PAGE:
“It’s ridiculous that we’re having to push this hard for the president to simply pick up a pen,” said Heather Cronk, the managing director of the gay rights group GetEQUAL. “It’s reprehensible that, after signing orders on gun control, cybersecurity and all manner of other topics, the president is still laboring over this decision.”

    The White House didn’t respond to repeated requests for comment.

    In January, Obama said he continued to believe that legislation was “sturdier and more stable” than executive actions, but that sometimes they were necessary, such as his January directive for the federal government to research gun violence.

    “There are certain issues where a judicious use of executive power can move the argument forward or solve problems that are of immediate-enough import that we can’t afford not to do it,” the former constitutional professor told The New Republic magazine.

    Presidents since George Washington have signed executive orders, an oft-overlooked power not explicitly defined in the Constitution. More than half of all executive orders in the nation’s history – nearly 14,000 – have been issued since 1933.

    Many serve symbolic purposes, from lowering flags to creating a new military medal. Some are used to form commissions or give federal employees a day off. Still others are more serious, and contentious: Abraham Lincoln releasing political prisoners, Franklin D. Roosevelt creating internment camps for Japanese-Americans, Dwight Eisenhower desegregating schools.

    “Starting in the 20th century, we have seen more and more that have lawlike functions,” said Gene Healy, a vice president of the Cato Institute, a libertarian research center, who’s the author of “The Cult of the Presidency: America’s Dangerous Devotion to Executive Power.”

    Most presidents in recent history generally have issued a few hundred orders, and hundreds more memorandums and directives.

    Jimmy Carter initiated a program designed to end discrimination at colleges. Ronald Reagan overturned price controls on domestic oil production. George H.W. Bush stopped imports of some semi-automatic firearms. Bill Clinton set aside large tracts of land as national monuments. George W. Bush made it easier for religious groups to receive federal dollars.

    “The expectation is that they all do this,” said Ken Mayer, a political science professor at the University of Wisconsin-Madison who wrote “With the Stroke of a Pen: Executive Orders and Presidential Power.” “That is the typical way of doing things.”

    But, experts say, Obama’s actions are more noticeable because as a candidate he was critical of Bush’s use of power. In particular, he singled out his predecessor’s use of signing statements, documents issued when a president signs a bill that clarifies his understanding of the law.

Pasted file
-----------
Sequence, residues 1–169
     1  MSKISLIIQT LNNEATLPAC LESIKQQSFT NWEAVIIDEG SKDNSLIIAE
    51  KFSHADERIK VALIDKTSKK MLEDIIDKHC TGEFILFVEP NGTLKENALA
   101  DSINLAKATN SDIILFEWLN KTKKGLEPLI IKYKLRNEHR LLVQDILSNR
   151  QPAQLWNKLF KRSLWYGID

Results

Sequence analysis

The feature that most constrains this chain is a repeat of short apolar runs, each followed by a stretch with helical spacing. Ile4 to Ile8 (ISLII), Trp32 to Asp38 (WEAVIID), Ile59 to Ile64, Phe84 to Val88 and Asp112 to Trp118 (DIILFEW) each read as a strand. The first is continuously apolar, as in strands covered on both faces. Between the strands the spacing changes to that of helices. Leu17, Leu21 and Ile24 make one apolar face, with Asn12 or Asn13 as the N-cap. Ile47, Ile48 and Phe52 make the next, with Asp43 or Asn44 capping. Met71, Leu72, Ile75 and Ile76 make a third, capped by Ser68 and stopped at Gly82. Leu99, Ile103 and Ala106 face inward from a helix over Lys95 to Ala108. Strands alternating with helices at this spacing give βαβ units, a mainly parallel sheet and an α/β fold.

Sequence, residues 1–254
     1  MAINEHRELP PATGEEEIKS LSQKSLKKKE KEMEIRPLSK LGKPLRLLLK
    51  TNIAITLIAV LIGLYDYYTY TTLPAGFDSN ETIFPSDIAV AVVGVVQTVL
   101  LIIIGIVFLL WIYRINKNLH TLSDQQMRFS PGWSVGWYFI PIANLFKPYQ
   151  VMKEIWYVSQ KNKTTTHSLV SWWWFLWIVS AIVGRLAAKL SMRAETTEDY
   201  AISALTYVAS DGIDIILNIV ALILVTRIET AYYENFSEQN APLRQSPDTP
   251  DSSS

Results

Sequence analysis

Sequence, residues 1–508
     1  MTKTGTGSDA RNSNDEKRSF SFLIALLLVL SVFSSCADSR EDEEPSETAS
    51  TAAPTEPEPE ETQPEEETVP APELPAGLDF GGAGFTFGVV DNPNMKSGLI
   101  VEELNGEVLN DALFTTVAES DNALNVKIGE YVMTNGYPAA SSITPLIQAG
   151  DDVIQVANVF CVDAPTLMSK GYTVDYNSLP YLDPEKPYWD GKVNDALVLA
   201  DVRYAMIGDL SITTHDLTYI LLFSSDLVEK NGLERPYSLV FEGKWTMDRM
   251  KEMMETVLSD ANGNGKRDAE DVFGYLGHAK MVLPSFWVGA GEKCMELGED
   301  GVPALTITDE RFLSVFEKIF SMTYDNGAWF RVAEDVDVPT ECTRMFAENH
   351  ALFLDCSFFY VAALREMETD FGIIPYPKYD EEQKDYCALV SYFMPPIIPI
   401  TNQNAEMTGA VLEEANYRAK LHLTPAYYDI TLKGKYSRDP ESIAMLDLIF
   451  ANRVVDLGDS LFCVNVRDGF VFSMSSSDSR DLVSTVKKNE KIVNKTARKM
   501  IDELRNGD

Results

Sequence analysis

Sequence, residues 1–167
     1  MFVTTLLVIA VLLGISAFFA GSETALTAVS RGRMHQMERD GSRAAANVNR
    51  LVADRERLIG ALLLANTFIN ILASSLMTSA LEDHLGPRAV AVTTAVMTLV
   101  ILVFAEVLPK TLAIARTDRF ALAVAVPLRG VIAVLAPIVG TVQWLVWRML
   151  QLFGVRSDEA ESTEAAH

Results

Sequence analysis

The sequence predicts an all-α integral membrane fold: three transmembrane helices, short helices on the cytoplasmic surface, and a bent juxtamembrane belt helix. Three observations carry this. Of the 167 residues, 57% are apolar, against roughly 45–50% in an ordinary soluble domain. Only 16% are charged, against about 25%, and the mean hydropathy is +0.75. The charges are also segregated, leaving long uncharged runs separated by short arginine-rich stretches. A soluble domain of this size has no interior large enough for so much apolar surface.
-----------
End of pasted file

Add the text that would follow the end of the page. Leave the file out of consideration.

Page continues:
“These last few years we’ve seen an unacceptable abuse of power at home,” Obama said in an October 2007 speech.. “We’ve paid a heavy price for having a president whose priority is expanding his own power.”

    Yet Obama’s use of power echoes that of his predecessors. For example, he signed 145 executive orders in his first term, putting him on track to issue as many as the 291 that Bush did in two terms.

    John Yoo, who wrote the legal opinions that supported an expansion of presidential power after the 2001 terrorist attacks, including harsh interrogation methods that some called torture, said he thought that executive orders were sometimes appropriate – when conducting internal management and implementing power given to the president by Congress or the Constitution – but he thinks that Obama has gone too far.

    “I think President Obama has been as equally aggressive as President Bush, and in fact he has sometimes used the very same language to suggest that he would not obey congressional laws that intrude on his commander-in-chief power,” said Yoo, who’s now a law professor at the University of California at Berkeley. “This is utterly hypocritical, both when compared to his campaign stances and the position of his supporters in Congress, who have suddenly discovered the virtues of silence.”

    Most of Obama’s actions are written statements aimed at federal agencies that are published everywhere from the White House website to the Federal Register. Some are classified and hidden from public view.